Margaret Bridge of Black Meadow Flora Is Orange County’s Orchid Lady

An Orange County resident turns her love of orchids into a fourth career

Orchids, it seems, make otherwise normal people do crazy things. Susan Orlean’s 1998 best-seller The Orchid Thief described the lengths to which modern-day orchid enthusiasts will go to acquire their dream plants — the most rabid even resorting to larceny.

And then there’s Margaret Bridge of Cornwall. Now 63, Bridge chucked a successful career to get her hands dirty full-time with these mythical plants, traditionally regarded as both exotic and fragile. In May 2010, she bought a wholesale orchid business in Chester and rechristened it Black Meadow Flora. She freely confesses, however, to a wee bit of naiveté about this, her fourth career (previously, in order: business administrator, attorney, fund-raiser). “I jokingly refer to this as my retirement job, but I’ve never worked more in my life,” she says. “I’ve never been as deeply involved or committed to something. But I love it.”

orchidsDelicate beauty: Related to asparagus, orchids are thought to be the largest family of flowering plants — there are more than 22,000 known species

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How did she get hooked? About 10 years ago she began admiring orchids kept by several coworkers. She soon bought a plant of the genus Phalaenopsis, one of the most common. “Over the course of 10 years, I had collected 150 orchids of different types,” she says. “They are enormously intriguing to me. Most people recognize the Phalaenopsis as the orchid because it’s the most popular, but the sheer variety of orchids would amaze you. Every single individual plant is unique: beautiful colors, strange shaped leaves, roots hang out all over the place. They come in incredible colors and stripes and spots. They can be as small as your fingernail or 10 feet tall.

“I built my own little greenhouse at home. It was wonderful therapy for me. I had a high-pressure, job and I’d go out to my greenhouse and play with my orchids.”


Earlier this year, Bridge provided 3,500 orchids to the gift shop at the Bronx Botanical Gardens for its orchid show. (Her orchids go for $12 to $45 apiece wholesale, with higher prices for the newly expanded retail sales.) It’s a big enough operation that three of her adult children work for the company in some way — including Bridge’s daughter, Micki Bridge, the greenhouse manager. Mother Margaret mostly handles the sales/purchase end of the business, though she’s also the primary delivery truck driver. Most sales are in the metropolitan New York area.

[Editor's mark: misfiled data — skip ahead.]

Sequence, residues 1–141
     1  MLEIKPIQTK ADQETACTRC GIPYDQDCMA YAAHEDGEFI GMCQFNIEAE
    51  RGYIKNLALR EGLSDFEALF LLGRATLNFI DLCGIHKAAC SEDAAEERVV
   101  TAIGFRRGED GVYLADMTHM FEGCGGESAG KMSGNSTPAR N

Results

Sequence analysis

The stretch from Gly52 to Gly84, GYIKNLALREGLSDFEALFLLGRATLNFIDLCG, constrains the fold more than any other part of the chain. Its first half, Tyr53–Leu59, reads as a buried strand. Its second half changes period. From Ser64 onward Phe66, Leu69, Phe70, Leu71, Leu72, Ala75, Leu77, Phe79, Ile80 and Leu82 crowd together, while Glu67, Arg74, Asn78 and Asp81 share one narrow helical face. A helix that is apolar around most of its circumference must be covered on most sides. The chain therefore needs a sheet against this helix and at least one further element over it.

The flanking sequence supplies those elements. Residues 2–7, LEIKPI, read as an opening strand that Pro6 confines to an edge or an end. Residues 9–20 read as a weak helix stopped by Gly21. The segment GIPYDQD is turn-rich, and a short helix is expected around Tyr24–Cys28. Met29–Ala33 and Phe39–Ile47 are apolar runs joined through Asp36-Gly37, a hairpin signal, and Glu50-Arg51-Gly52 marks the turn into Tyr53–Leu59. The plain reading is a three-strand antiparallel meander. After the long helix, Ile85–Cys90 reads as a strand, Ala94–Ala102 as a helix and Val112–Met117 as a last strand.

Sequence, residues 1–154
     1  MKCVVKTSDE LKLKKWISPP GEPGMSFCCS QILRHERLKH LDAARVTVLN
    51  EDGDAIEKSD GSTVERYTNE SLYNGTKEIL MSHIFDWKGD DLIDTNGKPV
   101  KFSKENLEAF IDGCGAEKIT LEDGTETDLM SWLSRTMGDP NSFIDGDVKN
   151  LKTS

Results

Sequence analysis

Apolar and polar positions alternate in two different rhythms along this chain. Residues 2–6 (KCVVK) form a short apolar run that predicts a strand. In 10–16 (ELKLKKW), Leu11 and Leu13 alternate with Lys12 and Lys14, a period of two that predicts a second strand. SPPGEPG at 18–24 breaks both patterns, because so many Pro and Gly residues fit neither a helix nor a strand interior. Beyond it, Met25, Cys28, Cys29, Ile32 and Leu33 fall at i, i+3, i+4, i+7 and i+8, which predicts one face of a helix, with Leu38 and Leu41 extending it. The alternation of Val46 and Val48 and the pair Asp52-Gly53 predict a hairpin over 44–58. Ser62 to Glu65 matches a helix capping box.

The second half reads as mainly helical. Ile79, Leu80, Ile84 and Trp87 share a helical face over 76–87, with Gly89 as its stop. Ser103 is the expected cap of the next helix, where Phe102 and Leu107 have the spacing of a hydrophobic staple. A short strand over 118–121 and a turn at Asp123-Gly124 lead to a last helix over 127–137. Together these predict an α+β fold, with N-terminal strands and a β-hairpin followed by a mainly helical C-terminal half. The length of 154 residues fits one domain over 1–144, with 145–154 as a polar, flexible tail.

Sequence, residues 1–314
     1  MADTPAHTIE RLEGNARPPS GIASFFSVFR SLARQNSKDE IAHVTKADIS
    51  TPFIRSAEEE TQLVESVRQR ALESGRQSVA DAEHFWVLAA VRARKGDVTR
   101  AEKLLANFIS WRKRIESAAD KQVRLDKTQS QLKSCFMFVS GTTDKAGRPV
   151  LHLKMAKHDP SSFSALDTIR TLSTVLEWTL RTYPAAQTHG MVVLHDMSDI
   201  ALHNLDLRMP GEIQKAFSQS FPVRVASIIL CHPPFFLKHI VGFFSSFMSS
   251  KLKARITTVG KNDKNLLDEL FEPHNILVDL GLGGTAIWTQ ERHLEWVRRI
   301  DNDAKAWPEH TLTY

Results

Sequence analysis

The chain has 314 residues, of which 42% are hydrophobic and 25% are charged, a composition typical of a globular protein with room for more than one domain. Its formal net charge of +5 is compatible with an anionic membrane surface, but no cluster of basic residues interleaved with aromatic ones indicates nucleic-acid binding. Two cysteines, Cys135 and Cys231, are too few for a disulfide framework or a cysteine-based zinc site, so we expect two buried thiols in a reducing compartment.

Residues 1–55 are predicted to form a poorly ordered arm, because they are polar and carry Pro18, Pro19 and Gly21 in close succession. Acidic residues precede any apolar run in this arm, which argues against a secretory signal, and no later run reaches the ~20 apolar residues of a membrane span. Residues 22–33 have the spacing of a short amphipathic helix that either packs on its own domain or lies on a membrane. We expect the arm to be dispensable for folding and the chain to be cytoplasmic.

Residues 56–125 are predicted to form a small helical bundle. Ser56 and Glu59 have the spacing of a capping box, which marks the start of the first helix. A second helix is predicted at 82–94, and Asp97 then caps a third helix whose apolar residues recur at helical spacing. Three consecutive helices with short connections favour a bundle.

Bridge believes that her beloved orchids are mistakenly underestimated. “Most people would be amazed at how hardy these plants are,” she says. “Last year, when the Northeast suffered a major snowfall, our home lost electricity for four days, including my greenhouse.” Among the plants housed there was the first orchid she’d ever bought. “That plant, my 10 year-old, along with many of the other ones, survived those extreme low temperatures for four days. I guess that’s the essence of perfection, in a way: the will to live and the strength of the plant itself.” For more information, visit


Orchidalia Obscura (or orchid facts to help you win that trivia game):

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  • Orchids are not grown in soil. In the wild, they are most often found growing high up in the tree canopy above the jungle floor.
  • Although they are usually associated with the tropics, orchids are native throughout most of the U.S. Indeed, the native and wide-ranging showy lady’s slipper is Minnesota’s official flower, though that state is the only one to bestow that lofty title upon an orchid.
  • In New York, all native orchids are protected on state lands. Picking or removing the plants is against the law.
  • Orchids are members of the order Asparagales, which also includes (you guessed it) the ugly asparagus plant.
  • The vanilla “bean” is the only fruit derived from any species of orchid that’s used for large-scale commercial purposes.


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